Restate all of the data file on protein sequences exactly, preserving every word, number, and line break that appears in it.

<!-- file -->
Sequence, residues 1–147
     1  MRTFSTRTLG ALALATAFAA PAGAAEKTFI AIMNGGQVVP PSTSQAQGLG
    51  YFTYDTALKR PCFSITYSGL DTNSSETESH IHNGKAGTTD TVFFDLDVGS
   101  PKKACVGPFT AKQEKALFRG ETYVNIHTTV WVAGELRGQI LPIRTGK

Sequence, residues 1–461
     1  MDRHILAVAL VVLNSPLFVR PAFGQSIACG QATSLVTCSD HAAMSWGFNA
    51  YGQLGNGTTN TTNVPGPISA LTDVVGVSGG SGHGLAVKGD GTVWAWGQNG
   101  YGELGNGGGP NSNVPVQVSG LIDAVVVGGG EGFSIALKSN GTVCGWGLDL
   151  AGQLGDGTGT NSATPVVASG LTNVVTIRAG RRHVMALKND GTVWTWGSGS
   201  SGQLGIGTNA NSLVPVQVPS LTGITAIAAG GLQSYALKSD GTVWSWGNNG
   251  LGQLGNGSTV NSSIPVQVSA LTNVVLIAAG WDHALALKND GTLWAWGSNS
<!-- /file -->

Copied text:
Sequence, residues 1–147
     1  MRTFSTRTLG ALALATAFAA PAGAAEKTFI AIMNGGQVVP PSTSQAQGLG
    51  YFTYDTALKR PCFSITYSGL DTNSSETESH IHNGKAGTTD TVFFDLDVGS
   101  PKKACVGPFT AKQEKALFRG ETYVNIHTTV WVAGELRGQI LPIRTGK

Sequence, residues 1–461
     1  MDRHILAVAL VVLNSPLFVR PAFGQSIACG QATSLVTCSD HAAMSWGFNA
    51  YGQLGNGTTN TTNVPGPISA LTDVVGVSGG SGHGLAVKGD GTVWAWGQNG
   101  YGELGNGGGP NSNVPVQVSG LIDAVVVGGG EGFSIALKSN GTVCGWGLDL
   151  AGQLGDGTGT NSATPVVASG LTNVVTIRAG RRHVMALKND GTVWTWGSGS
   201  SGQLGIGTNA NSLVPVQVPS LTGITAIAAG GLQSYALKSD GTVWSWGNNG
   251  LGQLGNGSTV NSSIPVQVSA LTNVVLIAAG WDHALALKND GTLWAWGSNS